# In quantum mechanics does the truth/accuracy of a measurement really matter?

Once John Wheeler said "the past has no meaning or existence unless it exist as a record in the present". So, in a experiment of delayed choice entanglement swapping, if we used a faulty detector to know "which-path" data and first observer (that will determine the reality) looks at the data, will it effect the result/reality? As he will be convinced into having the data about reality but maybe not real data.

• That's called "a measurement error". Nature doesn't know that you are measuring it, it doesn't test and debug your experiments for you, either. If you have a faulty detector, then you get faulty data, which results in a faulty result. Nobody but the person who checks your work for its quality cares. – CuriousOne Sep 9 '15 at 20:18

Imagine a simpler set up. You have a double slit and you purchase a super fancy which way device and out it next to the left slit. But you forget to remove the wrapper it came with.

So it just goes off randomly at random times based on some thermal properties of say the wall current you plug it into.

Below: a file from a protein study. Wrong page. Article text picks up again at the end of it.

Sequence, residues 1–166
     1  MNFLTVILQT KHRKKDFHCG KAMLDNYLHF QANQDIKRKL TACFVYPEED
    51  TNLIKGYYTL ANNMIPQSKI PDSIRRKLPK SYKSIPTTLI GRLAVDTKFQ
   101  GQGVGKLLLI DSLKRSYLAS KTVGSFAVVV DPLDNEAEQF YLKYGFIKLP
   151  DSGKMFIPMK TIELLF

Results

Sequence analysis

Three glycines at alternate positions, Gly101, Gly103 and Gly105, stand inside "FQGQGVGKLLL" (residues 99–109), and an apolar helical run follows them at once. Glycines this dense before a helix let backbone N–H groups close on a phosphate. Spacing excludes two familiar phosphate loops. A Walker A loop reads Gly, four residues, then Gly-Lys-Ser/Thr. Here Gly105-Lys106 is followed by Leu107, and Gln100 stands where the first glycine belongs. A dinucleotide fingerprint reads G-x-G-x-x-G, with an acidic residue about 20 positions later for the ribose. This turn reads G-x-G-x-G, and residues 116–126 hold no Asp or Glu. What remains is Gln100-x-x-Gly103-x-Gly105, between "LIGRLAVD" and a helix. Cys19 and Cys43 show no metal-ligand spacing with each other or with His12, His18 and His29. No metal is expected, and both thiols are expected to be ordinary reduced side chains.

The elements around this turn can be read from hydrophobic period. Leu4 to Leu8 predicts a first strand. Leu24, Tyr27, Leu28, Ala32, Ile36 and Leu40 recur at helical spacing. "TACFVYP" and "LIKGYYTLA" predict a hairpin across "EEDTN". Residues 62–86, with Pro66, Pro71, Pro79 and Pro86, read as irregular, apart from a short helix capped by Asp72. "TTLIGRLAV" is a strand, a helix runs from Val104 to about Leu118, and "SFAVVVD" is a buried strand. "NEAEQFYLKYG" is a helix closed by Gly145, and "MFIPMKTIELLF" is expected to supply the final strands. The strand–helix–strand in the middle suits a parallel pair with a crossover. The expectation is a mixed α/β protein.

You might incorrectly think that almost all the particles are going through the right slit and then be surprised you see an interference pattern.

Now let's analyze what happens in this simpler set up. You can describe the whole confirmation as in three dimensions. There is a dimension for the state of the which way detector and there is the direction for the particle heading to the screen and a dimension for the direction in which there is some places a barrier and some places a slit. So maybe there is a slit at every $y=0$ except when $1<|x|<2.$ And finally if $z<2$ then the which way detector is reporting no particle and if it is at $z>3$ then it is reporting a particle.